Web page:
The St. Louis Family
Gang War Rages On
Edward J. "Jellyroll" Hogan, Jr. and his brother James headed the Hogan Gang. "Jellyroll" was one of six sons born to St. Louis Police Officer Edward J. Hogan Sr. "Jellyroll," born in 1886, like Thomas Egan, was involved in the political affairs of the city. He was elected to the legislature in 1916 as a state representative. After surviving the bootleg wars in St. Louis, Hogan continued in politics. In the 1930s, it was disclosed that one of Hogan's legislative clerks on the state payroll was a St. Louis brewery worker who found it "unnecessary" to travel to the capital, Jefferson City, even once during the 1937 legislative session.
In March 1923, the Rats tried to ambush Edward "Jellyroll" Hogan and Humbert Costello as they were driving on Grand Blvd. Two of the shooters, Rat gunmen Elmer Runge and Isadore Londe, were arrested and Hogan was brought to police headquarters to identify them.
"I'll identify them, all right," Hogan snapped at police. "I'll identify them with a shotgun."
Humbert Costello was known as the muscle in the Hogan Gang and was a suspect in several shootings. He was later convicted of a jewelry store robbery and sentenced to 25 years in prison. After 12 years he was able to obtain a pardon with Hogan's help. However, upon release, federal agents were waiting with deportation papers. After a long legal battle, Costello was finally deported in 1937.
Rat Gang members and Hogan hoodlums next staged a wild shootout on Lindell Boulevard. Although no one was injured, the public again was incensed. Commenting on the public's outrage over the violence, Colbeck told reporters, "We are not insensitive to the fact that the public is aroused over what the newspapers have consistently characterized as the violence attending the fights between the Hogan and Egan factions. Our men are not trying to disturb peaceful citizens and it is unfair every time violence occurs in St. Louis to attribute it to myself, my men or the rival gang."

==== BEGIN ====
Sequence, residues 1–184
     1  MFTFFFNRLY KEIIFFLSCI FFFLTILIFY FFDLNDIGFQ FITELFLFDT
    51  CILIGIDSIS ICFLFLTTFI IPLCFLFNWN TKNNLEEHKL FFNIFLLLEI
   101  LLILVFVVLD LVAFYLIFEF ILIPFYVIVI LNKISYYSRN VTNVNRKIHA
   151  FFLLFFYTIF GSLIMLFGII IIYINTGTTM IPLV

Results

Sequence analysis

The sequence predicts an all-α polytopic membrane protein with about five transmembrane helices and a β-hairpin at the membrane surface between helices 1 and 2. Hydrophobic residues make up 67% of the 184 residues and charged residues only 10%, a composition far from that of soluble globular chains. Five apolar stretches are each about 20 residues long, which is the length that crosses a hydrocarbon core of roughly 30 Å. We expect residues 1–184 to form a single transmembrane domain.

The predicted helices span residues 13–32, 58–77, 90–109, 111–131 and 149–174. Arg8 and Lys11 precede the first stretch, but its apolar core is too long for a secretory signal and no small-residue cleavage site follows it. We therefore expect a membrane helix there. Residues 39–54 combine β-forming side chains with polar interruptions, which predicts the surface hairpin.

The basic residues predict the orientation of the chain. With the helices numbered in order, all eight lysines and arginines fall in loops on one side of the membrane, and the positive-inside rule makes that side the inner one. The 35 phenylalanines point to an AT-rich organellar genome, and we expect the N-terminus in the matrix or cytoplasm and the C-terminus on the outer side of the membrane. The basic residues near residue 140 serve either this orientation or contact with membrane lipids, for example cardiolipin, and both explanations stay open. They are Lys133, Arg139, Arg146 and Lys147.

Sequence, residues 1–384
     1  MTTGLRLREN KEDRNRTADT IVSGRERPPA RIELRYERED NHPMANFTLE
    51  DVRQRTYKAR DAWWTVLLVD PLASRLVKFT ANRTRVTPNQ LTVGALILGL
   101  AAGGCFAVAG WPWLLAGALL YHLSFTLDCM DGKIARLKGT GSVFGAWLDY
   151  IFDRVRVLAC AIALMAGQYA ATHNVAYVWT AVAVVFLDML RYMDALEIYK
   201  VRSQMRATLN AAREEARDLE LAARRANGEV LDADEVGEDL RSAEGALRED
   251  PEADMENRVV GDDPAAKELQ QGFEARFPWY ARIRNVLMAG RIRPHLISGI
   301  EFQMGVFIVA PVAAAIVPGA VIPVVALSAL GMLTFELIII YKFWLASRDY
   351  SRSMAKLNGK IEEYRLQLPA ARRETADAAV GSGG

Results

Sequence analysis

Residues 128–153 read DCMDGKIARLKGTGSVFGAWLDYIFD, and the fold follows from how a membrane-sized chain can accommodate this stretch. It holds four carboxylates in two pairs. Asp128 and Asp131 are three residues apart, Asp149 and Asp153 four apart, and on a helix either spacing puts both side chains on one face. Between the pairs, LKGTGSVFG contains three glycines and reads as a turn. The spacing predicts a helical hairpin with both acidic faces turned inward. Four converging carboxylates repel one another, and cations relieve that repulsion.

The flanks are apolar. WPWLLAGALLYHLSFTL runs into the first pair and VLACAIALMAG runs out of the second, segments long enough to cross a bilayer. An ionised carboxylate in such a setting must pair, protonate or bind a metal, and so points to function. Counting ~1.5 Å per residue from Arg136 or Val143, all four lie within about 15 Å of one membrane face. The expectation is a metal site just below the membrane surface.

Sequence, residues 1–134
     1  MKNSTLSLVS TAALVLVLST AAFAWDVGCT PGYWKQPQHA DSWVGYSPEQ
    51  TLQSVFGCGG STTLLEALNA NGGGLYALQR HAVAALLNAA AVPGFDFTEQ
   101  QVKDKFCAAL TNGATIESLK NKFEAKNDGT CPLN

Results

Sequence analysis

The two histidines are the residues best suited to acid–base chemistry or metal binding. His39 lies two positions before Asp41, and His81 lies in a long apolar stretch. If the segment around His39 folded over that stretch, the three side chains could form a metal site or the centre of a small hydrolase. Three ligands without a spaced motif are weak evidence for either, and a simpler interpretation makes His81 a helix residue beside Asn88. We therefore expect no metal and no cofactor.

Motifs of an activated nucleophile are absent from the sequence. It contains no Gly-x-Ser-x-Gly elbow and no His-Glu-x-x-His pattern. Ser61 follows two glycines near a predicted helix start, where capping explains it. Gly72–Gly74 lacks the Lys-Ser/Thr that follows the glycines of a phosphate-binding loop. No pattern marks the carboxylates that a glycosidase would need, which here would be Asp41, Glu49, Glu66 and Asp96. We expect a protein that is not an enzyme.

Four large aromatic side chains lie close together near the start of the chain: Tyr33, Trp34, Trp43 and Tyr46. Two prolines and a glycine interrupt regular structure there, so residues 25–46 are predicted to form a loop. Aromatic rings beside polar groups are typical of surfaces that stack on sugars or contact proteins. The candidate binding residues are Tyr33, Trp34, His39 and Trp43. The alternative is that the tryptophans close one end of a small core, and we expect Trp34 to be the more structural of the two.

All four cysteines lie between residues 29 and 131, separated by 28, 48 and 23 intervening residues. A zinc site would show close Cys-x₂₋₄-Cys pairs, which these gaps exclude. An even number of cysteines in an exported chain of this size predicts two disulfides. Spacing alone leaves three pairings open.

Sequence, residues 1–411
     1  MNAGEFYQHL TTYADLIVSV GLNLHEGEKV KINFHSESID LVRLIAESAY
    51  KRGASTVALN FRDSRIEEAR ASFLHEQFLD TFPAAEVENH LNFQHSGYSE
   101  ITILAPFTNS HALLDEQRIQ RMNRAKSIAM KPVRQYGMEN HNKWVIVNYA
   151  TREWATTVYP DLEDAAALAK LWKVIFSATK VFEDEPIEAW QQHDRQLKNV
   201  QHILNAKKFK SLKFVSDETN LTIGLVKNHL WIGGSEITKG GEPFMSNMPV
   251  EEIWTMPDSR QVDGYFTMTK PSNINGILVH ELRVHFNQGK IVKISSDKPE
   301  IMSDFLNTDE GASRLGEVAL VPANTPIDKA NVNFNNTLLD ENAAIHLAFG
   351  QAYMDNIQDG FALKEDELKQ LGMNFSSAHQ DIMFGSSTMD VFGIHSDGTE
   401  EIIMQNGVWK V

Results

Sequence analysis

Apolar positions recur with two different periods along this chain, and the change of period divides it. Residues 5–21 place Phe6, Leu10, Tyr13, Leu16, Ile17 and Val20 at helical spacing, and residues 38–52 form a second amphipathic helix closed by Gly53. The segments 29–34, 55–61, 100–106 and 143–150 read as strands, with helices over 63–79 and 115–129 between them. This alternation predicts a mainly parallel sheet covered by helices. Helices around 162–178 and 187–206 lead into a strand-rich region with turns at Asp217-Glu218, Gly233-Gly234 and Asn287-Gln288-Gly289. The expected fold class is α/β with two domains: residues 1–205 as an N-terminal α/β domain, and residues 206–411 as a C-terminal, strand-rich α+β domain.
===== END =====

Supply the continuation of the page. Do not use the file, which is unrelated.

In April 1923, with Philip Brockman, president of the Board of Police Commissioners, and Father Timothy Dempsey acting as mediators, Colbeck and "Jellyroll" Hogan agreed to peace terms. The truce lasted a few months before Rat gunmen opened up on a crowd, trying to kill James Hogan. They missed and two innocent men were killed. One, William McGee, was a state representative. Colbeck, who expressed shock about the shooting when police questioned him, blamed the incident on "boyish high spirits."
"I know three of the boys were full of moonshine and were riding around in a big touring car," Colbeck said. "They might have seen Hogan in the crowd at Jefferson and Cass and maybe took a few shots at him for fun."
By this time, Colbeck had other matters besides the continuing gang war to worry about. On April 2, 1923, Egan's Rats gunmen hijacked $2.4 million in negotiable bonds from a mail truck at Fourth and Locust Streets. The following month they struck again, getting $55,000 in cash from the Staunton, Illinois postmaster. Egan's Rats members had teamed up with members of the Cuckoos to pull off these robberies. However, when police began questioning Rat members, one of them ratted.
With Ray Rennard testifying for the government against his former Rat associates Colbeck, David "Chippy" Robinson, Oliver Dougherty, Louis "Red" Smith, Charles "Red" Lanham, Frank Hackenthal, Gus Dietmeyer, Frank "Cotton" Eppelshelmer, Steve Ryan, and Cuckoo Gang members Roy Tipton, Leo Cronin, and Rudolph "Featheredge" Schmidt all were found guilty and sentenced to terms of 25 years in Leavenworth.